From my review of The Dead, the final story in Dubliners: I thought I was done with James Joyce. I really did. I've read Ulysses. Twice. I've also read multiple study-guides; slogged through countless websites of analyses. I'm still resentful at Ulysses. Right when you are about to give up, with finality, you come across one of those lines. Those Joyce nuggets. Those snippets of such purity you wonder if he is but a vessel through with a literary higher power is speaking. Then the magic wears off From my review of The Dead, the final story in Dubliners: I thought I was done with James Joyce. I really did. I've read Ulysses. Twice. I've also read multiple study-guides; slogged through countless websites of analyses. I'm still resentful at Ulysses. Right when you are about to give up, with finality, you come across one of those lines. Those Joyce nuggets. Those snippets of such purity you wonder if he is but a vessel through with a literary higher power is speaking. Then the magic wears off and you spend another four hours resisting a good ol' fashion book burning. I've read Portrait of the Artist. I even enjoyed it. So. I'm sitting at work. I do residential mental health counseling. It is the middle of the night; half-fourish. I come across a blurb about his short story The Dead, which I've never read, do an internet search, the entire novella pops up. Half asleep I read The Dead. Then that final paragraph. Then that final sentence. Jesus. Done with James Joyce I thought I was. I really did. Now I'm going to have to go straight out and buy Dubliners when I get off work. Fuck you James Joyce. Update: I go straight from work to Powell's Bookstore in downtown Portland, Oregon. I get there around 8am. I sit in my car, dozing off, waiting for the "city of books" to open its door. I buy Dubliners. I get home. I've slept something like 4 hours in the last 36 hours. I open Dubliners. The first passage is waiting for me: “There was no hope for him this time: it was the third stroke. Night after night I had passed the house (it was vacation time) and studied the lighted square of window: and night after night I had found it lighted in the same way, faintly and evenly. If he was dead, I thought, I would see the reflection of candles on the darkened blind for I knew that two candles must be set at the head of a corpse. He had often said to me: “I am not long for this world,” and I had thought his words idle. Now I knew they were true. Every night as I gazed up the window I said softly to myself the word paralysis. It had always sounded strangely in my ears, like the word gnomon in the Euclid and word simony in the Catechism. But now it sounded to me like the name of some maleficent and sinful being. It filled me with fear, and yet I longed to be nearer to it and to look upon its deadly work.” This is a magical book. These stories can stand alone as snippets of Dublin life; gentle little snarky character studies. But read one after another is a much more rewarding experience. I do not believe these were meant to stand alone, they build upon each other with such power. Climaxing with that ending in the Dead - the single most beautiful passage ever written in the English language. I won't bore you with plot or analysis. If you are reading this review I'm sure this would be redundant. I will tell you: I am going to read this again on my day off in a couple of days. When was the last time you read something, felt an irresistible compulsion to go out and buy it, then felt compelled to re-read it again as soon as you can? This is the power of Dubliners. Seriously. If you are resisting Joyce, I understand. If you loathe stream-of-consciousness prattle, I understand. If you abhor literary modernism as a whole, I understand. I deeply empathize with all of these viewpoints. I am still going to sit here and tell you that you need to read Dubliners. Damn. You need to read Dubliners. If you are still hesitating, I will leave you with that final passage - the single most beautiful passage ever written in the English language: “A few light taps upon the pane made him turn to the window. It had begun to snow again. He watched sleepily the flakes, silver and dark, falling obliquely against the lamplight. The time had come for him to set out on his journey westward. Yes, the newspapers were right: snow was general all over Ireland. It was falling on every part of the dark central plain, on the treeless hills, falling softly upon the Bog of Allen and, farther westward, softly falling into the dark mutinous Shannon waves. It was falling, too, upon every part of the lonely churchyard on the hill where Michael Furey lay buried. It lay thickly drifted on the crooked crosses and headstones, on the spears of the little gate, on the barren thorns. His soul swooned slowly as he heard the snow falling faintly through the universe and faintly falling, like the descent of their last end, upon all the living and the dead.” Yeah.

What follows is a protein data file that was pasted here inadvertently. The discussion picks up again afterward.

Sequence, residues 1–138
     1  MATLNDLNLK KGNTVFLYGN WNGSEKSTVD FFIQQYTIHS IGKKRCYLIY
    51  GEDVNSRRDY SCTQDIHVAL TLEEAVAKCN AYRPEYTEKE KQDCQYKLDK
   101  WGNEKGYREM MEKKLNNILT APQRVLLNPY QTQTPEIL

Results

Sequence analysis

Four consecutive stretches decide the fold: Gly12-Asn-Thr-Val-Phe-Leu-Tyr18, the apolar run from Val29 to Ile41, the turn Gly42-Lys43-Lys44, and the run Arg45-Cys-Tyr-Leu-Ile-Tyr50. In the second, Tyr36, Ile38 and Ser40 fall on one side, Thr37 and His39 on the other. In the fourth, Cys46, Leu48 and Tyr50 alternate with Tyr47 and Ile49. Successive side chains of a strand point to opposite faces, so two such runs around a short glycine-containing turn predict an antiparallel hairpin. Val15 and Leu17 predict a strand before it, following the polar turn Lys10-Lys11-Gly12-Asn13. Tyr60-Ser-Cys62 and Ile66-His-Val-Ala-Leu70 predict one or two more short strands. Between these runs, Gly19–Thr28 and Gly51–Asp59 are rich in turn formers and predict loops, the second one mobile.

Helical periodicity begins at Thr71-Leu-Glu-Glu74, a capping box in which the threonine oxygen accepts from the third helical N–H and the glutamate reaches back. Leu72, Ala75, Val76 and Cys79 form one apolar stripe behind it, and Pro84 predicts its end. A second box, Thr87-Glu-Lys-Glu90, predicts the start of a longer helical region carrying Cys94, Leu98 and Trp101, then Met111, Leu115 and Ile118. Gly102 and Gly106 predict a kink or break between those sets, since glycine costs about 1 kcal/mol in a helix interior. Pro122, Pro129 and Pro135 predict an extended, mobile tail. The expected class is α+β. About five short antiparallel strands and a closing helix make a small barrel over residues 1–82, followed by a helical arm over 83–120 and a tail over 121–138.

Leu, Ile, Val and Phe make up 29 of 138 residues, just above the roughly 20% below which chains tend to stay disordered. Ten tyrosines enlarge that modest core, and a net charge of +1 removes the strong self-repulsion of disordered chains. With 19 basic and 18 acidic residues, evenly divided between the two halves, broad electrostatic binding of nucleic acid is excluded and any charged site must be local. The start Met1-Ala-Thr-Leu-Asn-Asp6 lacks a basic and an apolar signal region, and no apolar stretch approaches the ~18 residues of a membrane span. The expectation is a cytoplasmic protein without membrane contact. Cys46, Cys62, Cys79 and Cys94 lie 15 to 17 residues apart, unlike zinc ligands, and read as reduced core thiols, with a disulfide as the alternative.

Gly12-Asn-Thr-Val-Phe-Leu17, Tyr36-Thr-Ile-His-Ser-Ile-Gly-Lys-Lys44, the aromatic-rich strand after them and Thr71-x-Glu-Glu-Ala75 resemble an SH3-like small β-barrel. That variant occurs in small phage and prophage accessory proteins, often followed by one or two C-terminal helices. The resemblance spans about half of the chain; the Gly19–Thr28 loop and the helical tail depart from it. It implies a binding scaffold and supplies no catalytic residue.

22. 4 out of 5